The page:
Writing a Strong Character Voice

IMAG4333Character Voice is such a difficult thing to define in writing. It’s made up of so many elements. It’s the way a character talks and thinks, it’s what they believe and how this governs what they do, it’s what makes them unique, its what makes them stay in a reader’s mind long after they have finished the book.

We are a product of our past, our present and our hopes for the future. So too are our characters, and these things are reflected in who they are and in how they express themselves.

Voice is what makes your characters memorable, it’s the way in which they speak to and connect with your readers. It’s expressed through their internal thoughts, their dialogue and their actions and reactions.

Your character’s voice also reflects your voice as a writer because our characters are like our children, they are a reflection of who we are.

Don’t be put off if you don’t find your character’s voice straight away.

IMAG6942Often, it’s not till I finish writing a novel that I realise I have finally found my character’s voice, and I have to go back and rework the start to reflect all the things I have discovered during the writing process about my character,  their internal and external motivations, what makes them unique and who they really are.

That’s why I recommend you don’t spend too long fiddling with the start of your novel, just write it to the end, then go back and rework the start. Fixating on the beginning and ‘trying to get it right’ can prevent you from moving forward with your story.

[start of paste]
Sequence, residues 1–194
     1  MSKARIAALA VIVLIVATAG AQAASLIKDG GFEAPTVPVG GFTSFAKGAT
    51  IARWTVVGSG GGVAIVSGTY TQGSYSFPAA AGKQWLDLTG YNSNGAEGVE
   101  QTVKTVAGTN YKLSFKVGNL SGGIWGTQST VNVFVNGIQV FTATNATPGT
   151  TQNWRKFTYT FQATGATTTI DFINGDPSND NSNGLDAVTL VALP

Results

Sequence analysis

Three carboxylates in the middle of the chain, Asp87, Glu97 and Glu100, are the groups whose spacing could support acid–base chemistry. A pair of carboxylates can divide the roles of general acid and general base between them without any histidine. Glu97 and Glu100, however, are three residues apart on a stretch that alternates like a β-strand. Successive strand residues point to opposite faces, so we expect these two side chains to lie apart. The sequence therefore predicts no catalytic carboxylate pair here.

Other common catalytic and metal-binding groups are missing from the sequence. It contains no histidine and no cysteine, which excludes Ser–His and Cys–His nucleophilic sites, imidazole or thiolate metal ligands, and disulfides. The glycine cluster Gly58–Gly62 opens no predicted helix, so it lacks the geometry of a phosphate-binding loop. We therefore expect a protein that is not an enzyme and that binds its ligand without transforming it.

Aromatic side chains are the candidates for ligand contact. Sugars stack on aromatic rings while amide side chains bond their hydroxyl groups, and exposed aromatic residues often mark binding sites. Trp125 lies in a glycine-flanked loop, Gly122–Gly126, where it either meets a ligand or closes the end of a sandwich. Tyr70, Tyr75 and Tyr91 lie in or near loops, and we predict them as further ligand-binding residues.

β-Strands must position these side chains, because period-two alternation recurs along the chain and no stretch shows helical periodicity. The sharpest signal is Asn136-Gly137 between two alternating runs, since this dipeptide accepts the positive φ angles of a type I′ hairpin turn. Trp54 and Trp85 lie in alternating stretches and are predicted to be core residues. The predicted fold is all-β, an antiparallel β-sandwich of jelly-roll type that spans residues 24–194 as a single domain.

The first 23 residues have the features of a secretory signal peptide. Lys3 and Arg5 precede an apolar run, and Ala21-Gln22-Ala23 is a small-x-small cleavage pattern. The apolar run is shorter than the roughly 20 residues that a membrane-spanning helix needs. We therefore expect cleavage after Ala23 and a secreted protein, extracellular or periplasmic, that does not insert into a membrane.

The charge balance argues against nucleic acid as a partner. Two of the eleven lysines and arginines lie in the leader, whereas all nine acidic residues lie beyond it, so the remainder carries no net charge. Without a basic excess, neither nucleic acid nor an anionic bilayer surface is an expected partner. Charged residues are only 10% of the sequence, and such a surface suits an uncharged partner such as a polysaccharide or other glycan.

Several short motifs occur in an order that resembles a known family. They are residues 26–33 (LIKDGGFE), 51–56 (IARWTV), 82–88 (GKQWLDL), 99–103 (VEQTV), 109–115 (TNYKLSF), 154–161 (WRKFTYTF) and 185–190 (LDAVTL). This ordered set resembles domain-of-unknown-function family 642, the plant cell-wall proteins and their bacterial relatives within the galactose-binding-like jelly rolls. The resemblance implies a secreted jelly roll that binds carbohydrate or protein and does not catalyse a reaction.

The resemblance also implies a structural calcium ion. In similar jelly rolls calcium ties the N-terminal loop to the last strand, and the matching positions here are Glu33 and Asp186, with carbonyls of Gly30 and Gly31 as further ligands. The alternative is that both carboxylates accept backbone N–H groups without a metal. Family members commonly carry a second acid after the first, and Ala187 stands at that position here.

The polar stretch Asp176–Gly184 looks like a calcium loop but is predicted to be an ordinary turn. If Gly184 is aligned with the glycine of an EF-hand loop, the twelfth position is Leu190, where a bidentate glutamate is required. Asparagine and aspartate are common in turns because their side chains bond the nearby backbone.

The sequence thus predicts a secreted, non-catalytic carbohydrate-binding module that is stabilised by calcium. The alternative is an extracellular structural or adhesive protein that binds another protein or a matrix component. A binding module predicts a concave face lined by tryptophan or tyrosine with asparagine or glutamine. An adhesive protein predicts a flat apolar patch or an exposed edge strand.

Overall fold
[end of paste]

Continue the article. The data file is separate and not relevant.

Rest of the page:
Below is an example to show you what I mean about being able to strengthen your character’s voice once you know more about them. These excerpts are from the start of my YA suspense novel, The Chat Room.

EARLY VERSION – (About 2 years ago)

When I walk out the front door for good, Dad will have to trust that I’ll be okay. He’ll have to trust that he taught me to be smart about stuff – that I value my life too much to throw it away.

He’s a policeman who’s ‘seen bad things’, but like I keep telling him, “that doesn’t mean they’re going to happen in our family”. If Mum wasn’t on my side, I’d never be allowed to go anywhere. I definitely wouldn’t be having my seventeenth birthday party at our house tonight – with no parental supervision.

I’m still amazed it’s happening. Mind you, it took about twenty “you can trust me” promises before Dad finely caved – and that was only thanks to Peter Chew’s self help book, “Build your teen’s confidence through trust”.

Trust is my promise to keep my little sister alcohol free, drug free and safe at my party. Trust is what stands between me, and being grounded for life. Trust is my friend and my nemesis. If anything goes wrong here, I’m screwed.

I won’t let that happen. I’m not stupid. I haven’t made this party public. Just invited close mates and a couple of online friends. That’s how I want it – laid back – no big deal. Just a bunch of guys and girls, hanging out and having fun.

I’m so determined to keep it casual that I’m still sitting at my computer two hours before people are due to arrive. My bedroom door bursts open and Mum walks in, wearing her “in a hurry frown”.

CURRENT VERSION

Five years ago nobody thought I’d live to celebrate my seventeenth birthday. But here I am, eating chocolate cake, enough to overdose on, and unless you know where to look, you can’t even see my scars.